Please don’t misinterpret me–I am not saying this archetypal story structure is the Great Plague of Literature or anything like that. In fact, I enjoy this structure in both book and film form from time to time as a bit of relaxation from the heavier pieces. However those heavier pieces allow me to be more intellectually involved, to dig deeper into them and analyze their messages more thoroughly, and to experience tales that don’t fit into the standard mold. But, sadly, relaxation turns into escapism for most and once getting lost in that they rarely ever venture back out. I guess they could use a better map.


Would You Like Your Story Exciting or Clichéd?

I was posed with a question the other day: a friend of mine asked why people love “exciting” stories, yet the most popular ones are what he called “archetypal”–stories that follow a basic structure in terms of plot, character development, and so on. We’ll assume that in this situation “exciting” means to differentiate from this storytelling norm.

The reason people may say they enjoy these exciting stories when they’d rather indulge in simpler fare can be related back to what Robert Hanson was saying: many people are more boring than they actually think. People may say that they enjoy books or films with unconventional plot devices and non-traditional storylines so that they may appear to others as being unique and different. Perhaps they perceive that this individuality indicates being finely cultured (a.k.a. a way of promoting one’s own ego), and that they won’t look like some uncultured hermit that’s been living under a rock for the past few years.

It’s all about making others believe you know what you’re talking about and making yourself appear more interesting than others. Seriously, if the public was more enthralled by stories that broke away from conventional story blueprints and overused literary devices we wouldn’t see teen (paranormal) love stories dominating the New York Times Bestsellers List or action-thriller movies topping the box office.


Why I Chose Film School

I chose to go to film school because it provides so many more opportunities to aspiring filmmakers than does jumping directly into the industry.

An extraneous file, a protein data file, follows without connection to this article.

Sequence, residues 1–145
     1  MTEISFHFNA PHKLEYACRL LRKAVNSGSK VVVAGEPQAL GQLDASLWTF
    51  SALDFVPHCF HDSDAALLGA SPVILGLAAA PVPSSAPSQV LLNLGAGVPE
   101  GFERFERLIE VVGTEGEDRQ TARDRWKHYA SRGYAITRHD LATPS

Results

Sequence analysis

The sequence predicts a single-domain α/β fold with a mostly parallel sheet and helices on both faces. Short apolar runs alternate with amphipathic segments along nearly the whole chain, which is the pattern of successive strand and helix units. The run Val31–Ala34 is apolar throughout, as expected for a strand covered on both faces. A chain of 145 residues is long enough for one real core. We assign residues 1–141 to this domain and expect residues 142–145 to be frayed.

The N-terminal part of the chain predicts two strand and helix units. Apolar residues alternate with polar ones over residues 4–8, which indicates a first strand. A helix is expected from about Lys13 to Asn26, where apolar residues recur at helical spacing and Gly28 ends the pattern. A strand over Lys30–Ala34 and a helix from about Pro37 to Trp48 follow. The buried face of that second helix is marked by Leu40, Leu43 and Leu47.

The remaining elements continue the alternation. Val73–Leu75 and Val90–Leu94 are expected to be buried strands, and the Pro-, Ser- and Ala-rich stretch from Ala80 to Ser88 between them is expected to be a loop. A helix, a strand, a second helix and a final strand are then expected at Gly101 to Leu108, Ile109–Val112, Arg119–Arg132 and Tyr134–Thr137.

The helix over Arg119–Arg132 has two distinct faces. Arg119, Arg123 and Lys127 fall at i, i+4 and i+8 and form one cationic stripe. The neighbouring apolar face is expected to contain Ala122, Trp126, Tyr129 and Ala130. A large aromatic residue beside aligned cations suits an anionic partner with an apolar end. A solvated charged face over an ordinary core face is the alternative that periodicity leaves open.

First of all, it allows you to learn the history, technique, and theory in a more organized manner. Sure, anyone can pick up a book about how to portray emotion through symbolism on-screen or learn how Hollywood’s studio structure has changed over the years, but self-taught learning will be periodic and will have to fit within the confines of your weekly schedule. If you take the time to study how to portray a story on the screen in a captivating and effective way and learn why certain techniques must be carried out, the films that you make will resonate with knowledge of what you are doing and won’t simply be moving pictures with audio.

Second, with all of this time put aside to learn and be taught the ways of filmmaking, you will also have time to get some hands-on experience. Like teaching yourself, making movies on your own requires time out of your weekly schedule: you’ll have to schedule around work and other obligatory commitments, where as in school you’ll get class time to work on your projects and complete them in a more timely manner. Along with this hands-one experience, you will be able to dabble with professional equipment that you would otherwise only experience on a professional movie set. Unless you have a job on a movie set that requires no college education, you won’t be able to use professional equipment unless you shell out a sizable chunk of change and you’ll have no experience operating it. Some argue that with the increased use of digital video and availability of editing software on your personal computer that experience with actual film isn’t necessary, but most major Hollywood films are still being shot with film as it is part of the history and tradition of film production, so it will not die out that quickly. It’s good to get familiar with the equipment while you can.

Third, film school allows you to receive one-on-one advice and help by like-minded individuals. You’ll have mentors who are professionals in the field who can give you tips on how to better your projects and offer you inciteful and helpful critique. The same goes for your fellow students: seeing as they’re studying the same thing as you are, their critique and input may be more useful than that of your close friends and family or a random YouTuber who’s simply trolling the comments section of your video.